Oceanic theme is in-your-face at Farallon with lighting such as these huge urchin chandeliers in the main dining room.

Oceanic theme is in-your-face at Farallon with lighting such as these huge urchin chandeliers in the main dining room.

Opened in 1997, Farallon made a big splash as a high-end seafood restaurant with the décor by renowned restaurateur Pat Kuleto and sophisticated seafood dishes by Chef Mark Franz.

I recall visiting years ago for a celebration dinner – because the price point made it one of those special occasion dining destinations – and marveled at the Jellyfish Lounge, a unique and whimsical environment for the otherwise refined and elegant food.

Over the years, the Union Square/Theater District restaurant seemed to cater mostly to a tourist crowd or businessmen with expense accounts. It’s not a place I see tweeted or Instagrammed that often.

But maybe the restaurant is looking to refresh itself?

Ahi Tuna Poke via Focus:Snap:Eat blog

Ahi tuna poke with local seaweed and kukui furikake ($18)

Cayucos abalone via Focus:Snap:Eat blog

Cayucos abalone with seaweed salad

Earlier this year, they brought on Jason Ryczek, who worked at sister restaurant Waterbar, as its executive chef. Ryczek recently revamped Farallon’s menu, putting his personal touch of global flavors to the predominantly seafood menu (they do have a few meat items on the menu).

I was invited recently for dinner by the restaurant to sample Ryczek’s new menu, so I brought along my friend Kim who lives in the area. Walking through the door for the first time in years, the jellyfish lighting and coral and gold tones brought back memories. It’s hardly changed over the years, which can be a good thing for people looking for classic, nostalgic restaurants, but may seem like a place stuck in time by others (I’m talking to you, Millennials).

View of the open kitchen

View of the open kitchen

The unique jellyfish lighting has been there since the beginning

The unique jellyfish lighting has been there since the beginning

The menu, which is adjusted daily to reflect the ingredients, features a six-course tasting menu for $95, or an ala carte menu with entrees ranging from $36 to $49. Kim and I selected a few dishes from both the tasting and ala carte menu, and the restaurant’s wine director, Luke Kenning, expertly provided us with wine pairings. (The wine pairing with the tasting menu typically cost $70.)

Side note: I really enjoyed Kenning’s pairings, not just for the novelty of his offering in the form of a rose or Riesling, but his depth of knowledge about not just the wine but the winery and producer.

A glass of Riesling to pair with our meal

A glass of Riesling to pair with our meal

Fresh fish
We started with an ahi tuna poke (told you Hawaiian poke is THE hot dish right now) that was made with the traditional ingredients of ahi tuna, seaweed and kukui nut. But what I appreciated about how Ryczek presented this dish was the lusciously large cubes of the tuna, which really highlighted the richness of the raw fish.

From the tasting menu, we had the Cayucos abalone dish. I rarely see abalone on the menu so it was a treat to eat abalone, presented simply in a glaze or jus and a side of seaweed salad.

For our main courses, Kim ordered the Mt. Lassen trout from the tasting menu, which was presented beautifully with an array of colors and textures, from the coral color of the trout (which was sous vide) and the pop of green from the fiddleheads, the bright orange roe to the foam and mint. There were fried skin served like crackers to provide even more texture to the dish.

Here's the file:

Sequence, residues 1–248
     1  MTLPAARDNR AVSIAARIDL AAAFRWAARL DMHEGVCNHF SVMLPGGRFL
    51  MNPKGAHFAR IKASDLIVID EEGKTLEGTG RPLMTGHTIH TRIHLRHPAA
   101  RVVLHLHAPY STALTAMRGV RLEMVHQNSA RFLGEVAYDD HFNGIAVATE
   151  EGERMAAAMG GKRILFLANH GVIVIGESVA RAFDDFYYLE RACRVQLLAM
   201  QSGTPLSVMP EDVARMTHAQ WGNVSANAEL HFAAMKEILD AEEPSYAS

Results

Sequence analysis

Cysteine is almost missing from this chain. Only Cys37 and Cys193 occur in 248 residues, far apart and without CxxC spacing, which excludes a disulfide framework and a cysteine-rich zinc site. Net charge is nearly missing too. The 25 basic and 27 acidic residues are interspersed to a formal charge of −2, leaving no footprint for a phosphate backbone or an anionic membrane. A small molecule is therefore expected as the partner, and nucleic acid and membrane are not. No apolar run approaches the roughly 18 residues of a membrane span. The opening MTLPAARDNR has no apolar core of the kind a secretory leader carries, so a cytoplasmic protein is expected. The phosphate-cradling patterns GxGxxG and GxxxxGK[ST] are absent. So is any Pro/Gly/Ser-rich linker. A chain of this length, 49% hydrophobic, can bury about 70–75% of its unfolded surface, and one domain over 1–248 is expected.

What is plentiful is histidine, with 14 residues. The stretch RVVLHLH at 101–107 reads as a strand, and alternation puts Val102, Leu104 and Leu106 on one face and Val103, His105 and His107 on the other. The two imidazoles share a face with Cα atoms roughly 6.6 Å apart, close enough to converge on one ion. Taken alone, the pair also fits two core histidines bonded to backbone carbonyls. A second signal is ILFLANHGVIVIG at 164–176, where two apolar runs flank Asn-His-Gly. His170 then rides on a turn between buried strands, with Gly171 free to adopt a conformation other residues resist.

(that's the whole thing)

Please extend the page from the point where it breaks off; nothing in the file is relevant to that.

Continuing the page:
Mt. Lassen trout via Focus:Snap:Eat blog

Mt. Lassen trout trio with fiddleheads, favas, blueberries and mint

Alaskan halibut with smoked pork belly via Focus:Snap:Eat blog

Alaskan halibut with smoked pork belly and purple pozole, $39

I ordered from the ala carte menu the Alaskan halibut ($39) and I’m not going to lie that I was persuaded by the addition of smoked pork belly. The overall dish, which also was presented beautifully with a smear of avocado against the dark bowl, had a Mexican flair to it. In fact, our server said the dish is supposed to transport you to Cabo and the surf. Even though I’m not a fan of Mexican food, the freshness of the perfectly cooked halibut blending with the other ingredients such as the purple pozole really made me feel this is what good Mexican food should be about – fresh ingredients presented in perfect combination.

The dessert menu is curated by Executive Pastry Chef Eleana Rosenthal, who has been with the restaurant since February 2015. She has large shoes to fill since Farallon’s dessert program has been headed for many years by the James Beard Award-winning Emily Luchetti.

We tried the strawberry shortcake, which Kim loved the light layer of meringue on top of the cake, but both of us were not a fan of the crème de mint pearls. We also had the fennel pollen flan, which was beautiful and nicely done with just the right amount of caramel to coat the entire dish, set off by either yogurt or goat’s milk (sorry, can’t remember exactly).

Strawberry shortcake via Focus:Snap:Eat blog

Strawberry shortcake

Fennel pollen flan via Focus:Snap:Eat blog

Fennel pollen flan

The last bite
I’m not giving my typical review rating since I was a guest of the restaurant, but I feel there’s a real excitement and freshness to the menu by Chef Ryczek. If he continues to experiment (which a changing menu allows him to do) with interpreting seafood dishes, he may be able to attract new diners to what is considered a San Francisco institution.

The deets: Farallon, 450 Post St. (between Powell and Mason), San Francisco. PH: 415.956.6969. Open for dinner daily from 5:30 p.m. (from 5 p.m. Sunday). Reservations, major credit cards accepted. www.farallonrestaurant.com

Farallon Menu, Reviews, Photos, Location and Info - Zomato

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